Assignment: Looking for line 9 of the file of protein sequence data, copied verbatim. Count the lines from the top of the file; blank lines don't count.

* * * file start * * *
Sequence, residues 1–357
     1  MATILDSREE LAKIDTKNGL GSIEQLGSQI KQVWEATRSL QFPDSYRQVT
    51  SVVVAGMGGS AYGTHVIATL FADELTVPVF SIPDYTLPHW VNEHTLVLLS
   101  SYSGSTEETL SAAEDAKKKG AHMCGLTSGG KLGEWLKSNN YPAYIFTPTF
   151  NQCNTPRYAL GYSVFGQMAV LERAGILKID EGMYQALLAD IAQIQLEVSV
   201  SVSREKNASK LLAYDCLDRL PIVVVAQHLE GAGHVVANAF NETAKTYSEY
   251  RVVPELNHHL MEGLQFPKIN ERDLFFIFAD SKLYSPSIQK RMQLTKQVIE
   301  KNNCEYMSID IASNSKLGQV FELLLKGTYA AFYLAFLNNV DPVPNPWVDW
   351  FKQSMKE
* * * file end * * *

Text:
   351  FKQSMKE